In May, our thoughts turn to Mother’s Day. My thoughts this month turn to pastors’ wives, many of whom are also moms. I don’t claim to be an expert on pastors’ wives, but I am married to one. What’s more, a lot of my time as district president is spent not just with pastors, but also with their spouses, who struggle on many levels as they love, support and encourage their husbands.
This article was actually prompted by a new reality show on the TLC network called The Sisterhood, which follows the lives of five pastors’ wives in Atlanta. I’ve never caught a complete episode, but I have to say I don’t recommend the program.
It’s a strange genre, these reality shows — from The Bachelor to Teen Mom; and now to pastors’ wives? They look and dress more like “desperate housewives.” They also seem pretty full of themselves. I know some African-American churches’ members refer to their pastor’s wife as “first lady,” but when these five use the term in reference to themselves, it’s hard to take.
It’s challenging to find clear Scriptural wisdom on the role of a pastor’s wife. We know Peter was married, but we learn nothing about his wife. It’s very unlikely Paul was married. If he was, I’d pity the woman. If the guy was ever at home, he had to have been hard to live with! The only clear reference we have to a pastor’s wife is Paul telling Timothy that a pastor should have only one of them (1 Tim. 3:2). Otherwise, pastors’ wives are left to themselves to create a job description for the role they take in their husband’s congregation.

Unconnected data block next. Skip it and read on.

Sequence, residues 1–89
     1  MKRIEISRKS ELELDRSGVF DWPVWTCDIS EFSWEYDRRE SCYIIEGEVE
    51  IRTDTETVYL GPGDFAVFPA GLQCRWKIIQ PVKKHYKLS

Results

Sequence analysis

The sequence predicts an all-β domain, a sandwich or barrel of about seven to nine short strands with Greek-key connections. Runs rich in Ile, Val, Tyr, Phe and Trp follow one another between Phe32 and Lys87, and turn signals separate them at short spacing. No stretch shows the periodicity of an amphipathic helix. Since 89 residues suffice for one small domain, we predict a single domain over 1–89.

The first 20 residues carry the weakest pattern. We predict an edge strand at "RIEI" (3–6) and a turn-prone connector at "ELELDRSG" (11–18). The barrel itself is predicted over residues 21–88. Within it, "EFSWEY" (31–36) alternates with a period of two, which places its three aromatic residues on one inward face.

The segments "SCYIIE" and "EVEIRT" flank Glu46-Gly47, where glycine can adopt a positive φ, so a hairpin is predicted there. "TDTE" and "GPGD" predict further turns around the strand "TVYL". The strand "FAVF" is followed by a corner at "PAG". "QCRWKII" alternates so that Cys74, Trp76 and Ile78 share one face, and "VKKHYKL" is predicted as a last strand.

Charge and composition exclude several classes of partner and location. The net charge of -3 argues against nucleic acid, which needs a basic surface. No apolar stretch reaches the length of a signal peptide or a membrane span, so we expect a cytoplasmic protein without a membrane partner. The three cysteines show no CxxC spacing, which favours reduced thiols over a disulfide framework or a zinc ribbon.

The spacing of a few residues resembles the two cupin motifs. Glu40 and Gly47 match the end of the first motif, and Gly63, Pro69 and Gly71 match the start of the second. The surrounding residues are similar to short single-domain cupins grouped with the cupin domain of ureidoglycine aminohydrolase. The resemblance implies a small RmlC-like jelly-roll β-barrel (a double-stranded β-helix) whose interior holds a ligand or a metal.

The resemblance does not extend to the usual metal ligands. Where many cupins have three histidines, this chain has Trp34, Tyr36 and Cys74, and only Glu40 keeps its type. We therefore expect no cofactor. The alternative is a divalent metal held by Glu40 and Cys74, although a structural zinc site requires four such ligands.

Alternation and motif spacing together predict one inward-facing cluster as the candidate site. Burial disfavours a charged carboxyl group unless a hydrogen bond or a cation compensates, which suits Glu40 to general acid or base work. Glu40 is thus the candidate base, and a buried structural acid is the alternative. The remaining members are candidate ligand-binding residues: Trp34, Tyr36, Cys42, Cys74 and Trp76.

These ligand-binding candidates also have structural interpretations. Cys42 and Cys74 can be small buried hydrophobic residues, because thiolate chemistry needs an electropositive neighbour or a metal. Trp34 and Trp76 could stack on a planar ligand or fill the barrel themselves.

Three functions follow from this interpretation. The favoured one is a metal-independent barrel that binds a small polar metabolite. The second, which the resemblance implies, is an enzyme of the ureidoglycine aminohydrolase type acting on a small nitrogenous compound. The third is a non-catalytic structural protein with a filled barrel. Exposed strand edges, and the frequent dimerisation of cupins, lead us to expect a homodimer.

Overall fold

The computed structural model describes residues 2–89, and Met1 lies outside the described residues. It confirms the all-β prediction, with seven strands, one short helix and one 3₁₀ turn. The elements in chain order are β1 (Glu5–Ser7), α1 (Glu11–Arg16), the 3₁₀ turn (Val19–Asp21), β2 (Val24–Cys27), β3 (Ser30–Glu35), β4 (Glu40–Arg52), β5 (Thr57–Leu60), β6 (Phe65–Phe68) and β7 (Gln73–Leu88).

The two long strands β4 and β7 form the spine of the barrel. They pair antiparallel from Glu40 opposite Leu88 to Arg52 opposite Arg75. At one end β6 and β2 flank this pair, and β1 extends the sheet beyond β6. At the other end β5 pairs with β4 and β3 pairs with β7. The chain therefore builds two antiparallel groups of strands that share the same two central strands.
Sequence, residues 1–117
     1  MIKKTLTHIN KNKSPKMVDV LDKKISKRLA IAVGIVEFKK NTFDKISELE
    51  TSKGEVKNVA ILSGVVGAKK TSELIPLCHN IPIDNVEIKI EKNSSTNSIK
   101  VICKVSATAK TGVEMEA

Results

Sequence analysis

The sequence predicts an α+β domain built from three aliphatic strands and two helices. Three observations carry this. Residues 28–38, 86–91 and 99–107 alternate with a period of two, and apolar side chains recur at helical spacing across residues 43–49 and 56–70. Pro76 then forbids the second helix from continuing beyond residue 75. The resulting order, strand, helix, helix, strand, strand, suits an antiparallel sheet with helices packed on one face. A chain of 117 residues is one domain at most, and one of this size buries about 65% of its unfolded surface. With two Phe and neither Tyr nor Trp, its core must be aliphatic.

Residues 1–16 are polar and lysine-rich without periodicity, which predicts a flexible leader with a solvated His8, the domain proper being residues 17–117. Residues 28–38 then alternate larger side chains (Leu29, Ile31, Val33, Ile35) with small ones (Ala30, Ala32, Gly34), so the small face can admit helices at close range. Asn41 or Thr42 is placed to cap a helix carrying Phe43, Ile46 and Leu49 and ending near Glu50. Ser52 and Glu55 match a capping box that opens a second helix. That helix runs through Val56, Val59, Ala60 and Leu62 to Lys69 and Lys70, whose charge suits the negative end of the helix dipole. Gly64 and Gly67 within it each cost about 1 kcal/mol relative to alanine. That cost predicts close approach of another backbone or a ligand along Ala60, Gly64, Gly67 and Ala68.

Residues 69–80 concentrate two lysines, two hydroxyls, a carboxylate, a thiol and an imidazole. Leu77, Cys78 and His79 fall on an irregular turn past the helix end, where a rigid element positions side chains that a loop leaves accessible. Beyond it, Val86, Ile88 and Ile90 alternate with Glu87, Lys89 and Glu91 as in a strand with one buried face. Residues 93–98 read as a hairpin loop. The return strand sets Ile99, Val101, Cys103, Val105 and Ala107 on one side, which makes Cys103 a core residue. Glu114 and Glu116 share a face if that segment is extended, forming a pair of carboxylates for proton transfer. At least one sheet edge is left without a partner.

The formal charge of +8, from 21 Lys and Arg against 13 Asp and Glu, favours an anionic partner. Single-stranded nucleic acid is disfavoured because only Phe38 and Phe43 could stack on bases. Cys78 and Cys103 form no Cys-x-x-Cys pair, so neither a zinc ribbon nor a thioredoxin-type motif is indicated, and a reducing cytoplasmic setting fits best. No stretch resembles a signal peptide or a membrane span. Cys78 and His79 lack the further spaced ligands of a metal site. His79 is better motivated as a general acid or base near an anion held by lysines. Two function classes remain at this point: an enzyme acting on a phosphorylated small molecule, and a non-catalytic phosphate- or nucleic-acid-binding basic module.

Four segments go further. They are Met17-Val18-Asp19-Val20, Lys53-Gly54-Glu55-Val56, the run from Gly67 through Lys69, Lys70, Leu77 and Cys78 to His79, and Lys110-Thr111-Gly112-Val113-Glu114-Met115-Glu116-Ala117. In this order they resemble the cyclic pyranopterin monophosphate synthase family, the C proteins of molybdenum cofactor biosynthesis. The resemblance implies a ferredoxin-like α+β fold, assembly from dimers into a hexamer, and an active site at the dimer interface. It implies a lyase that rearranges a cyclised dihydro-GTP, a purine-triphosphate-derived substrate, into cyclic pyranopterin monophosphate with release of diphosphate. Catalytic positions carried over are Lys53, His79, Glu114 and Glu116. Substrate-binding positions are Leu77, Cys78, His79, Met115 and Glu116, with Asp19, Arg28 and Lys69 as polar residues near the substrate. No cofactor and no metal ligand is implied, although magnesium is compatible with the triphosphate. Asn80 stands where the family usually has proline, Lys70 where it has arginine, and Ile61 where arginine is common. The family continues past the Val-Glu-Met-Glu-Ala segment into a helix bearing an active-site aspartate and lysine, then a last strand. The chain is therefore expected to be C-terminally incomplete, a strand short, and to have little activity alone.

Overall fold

I have a bold and innovative suggestion to make: what if the standards we hold our pastors’ wives to would be the same standards to which we hold all Christian women, including wives and mothers? Oh, the pastor for sure has a higher bar than the average Christian. Read 1 Tim. 3:1-7. It’s quite a list of qualifications. Tucked in the middle of it are his responsibilities to his family, which become a measure of his capacity to manage his congregation.
Being a pastor’s wife, though, is not holding an office in the church, like associate pastor. People may put extra expectations on her, but her identity and role in the church are not determined by others’ expectations or even by falling in love with and marrying a preacher. Who she is and what she does flow from God’s grace.
That said, pastors’ wives, like all Christian women, will find plenty in the Scriptures to guide their role as wife and mother; for example, Prov. 31:10-31, Eph. 5:22-24 and Col. 3:18-21. Their role in the church, like every other Christian, is driven best by their particular set of gifts and talents. Churches do best to honor their pastor’s wife by letting her be who she is and do what she is gifted to do. Some pastors’ wives are great musicians, others are great teachers and still others are loving caregivers. Not a one is meant to do it all.
Many pastors’ spouses have careers of their own and they still manage to help raise the kids and contribute significantly to their congregation’s life together and mission. All have made sacrifices and most spend far too much time away from their shepherding husbands.
As we honor faithful wives and moms this month, take a moment to thank your pastor’s wife for being who she is and using the gifts God gave her. If being a pastor is one of the hardest jobs on earth, consider being married to one!